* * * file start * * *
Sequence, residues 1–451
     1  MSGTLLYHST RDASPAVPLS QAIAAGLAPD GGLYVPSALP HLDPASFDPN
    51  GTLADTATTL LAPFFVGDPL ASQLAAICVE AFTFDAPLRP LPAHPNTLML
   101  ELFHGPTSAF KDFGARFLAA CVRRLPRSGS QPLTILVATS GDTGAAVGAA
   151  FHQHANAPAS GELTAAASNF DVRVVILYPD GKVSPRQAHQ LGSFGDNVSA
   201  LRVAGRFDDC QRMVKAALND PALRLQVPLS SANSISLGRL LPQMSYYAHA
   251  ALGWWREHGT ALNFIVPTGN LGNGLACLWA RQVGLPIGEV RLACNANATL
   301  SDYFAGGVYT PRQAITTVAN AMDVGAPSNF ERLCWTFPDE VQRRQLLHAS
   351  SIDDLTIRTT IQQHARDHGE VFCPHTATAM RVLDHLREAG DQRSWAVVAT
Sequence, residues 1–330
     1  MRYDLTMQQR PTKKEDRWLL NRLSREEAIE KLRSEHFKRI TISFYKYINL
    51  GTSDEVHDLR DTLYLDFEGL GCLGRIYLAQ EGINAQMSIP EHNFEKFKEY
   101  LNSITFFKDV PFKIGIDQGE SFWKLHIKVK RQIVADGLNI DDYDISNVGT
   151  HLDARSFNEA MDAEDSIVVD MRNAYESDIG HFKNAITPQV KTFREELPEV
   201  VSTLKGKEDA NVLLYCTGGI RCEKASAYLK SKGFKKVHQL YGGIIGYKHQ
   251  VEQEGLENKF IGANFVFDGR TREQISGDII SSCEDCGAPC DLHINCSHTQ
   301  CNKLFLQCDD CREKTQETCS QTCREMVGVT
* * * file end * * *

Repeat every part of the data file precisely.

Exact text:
Sequence, residues 1–451
     1  MSGTLLYHST RDASPAVPLS QAIAAGLAPD GGLYVPSALP HLDPASFDPN
    51  GTLADTATTL LAPFFVGDPL ASQLAAICVE AFTFDAPLRP LPAHPNTLML
   101  ELFHGPTSAF KDFGARFLAA CVRRLPRSGS QPLTILVATS GDTGAAVGAA
   151  FHQHANAPAS GELTAAASNF DVRVVILYPD GKVSPRQAHQ LGSFGDNVSA
   201  LRVAGRFDDC QRMVKAALND PALRLQVPLS SANSISLGRL LPQMSYYAHA
   251  ALGWWREHGT ALNFIVPTGN LGNGLACLWA RQVGLPIGEV RLACNANATL
   301  SDYFAGGVYT PRQAITTVAN AMDVGAPSNF ERLCWTFPDE VQRRQLLHAS
   351  SIDDLTIRTT IQQHARDHGE VFCPHTATAM RVLDHLREAG DQRSWAVVAT
Sequence, residues 1–330
     1  MRYDLTMQQR PTKKEDRWLL NRLSREEAIE KLRSEHFKRI TISFYKYINL
    51  GTSDEVHDLR DTLYLDFEGL GCLGRIYLAQ EGINAQMSIP EHNFEKFKEY
   101  LNSITFFKDV PFKIGIDQGE SFWKLHIKVK RQIVADGLNI DDYDISNVGT
   151  HLDARSFNEA MDAEDSIVVD MRNAYESDIG HFKNAITPQV KTFREELPEV
   201  VSTLKGKEDA NVLLYCTGGI RCEKASAYLK SKGFKKVHQL YGGIIGYKHQ
   251  VEQEGLENKF IGANFVFDGR TREQISGDII SSCEDCGAPC DLHINCSHTQ
   301  CNKLFLQCDD CREKTQETCS QTCREMVGVT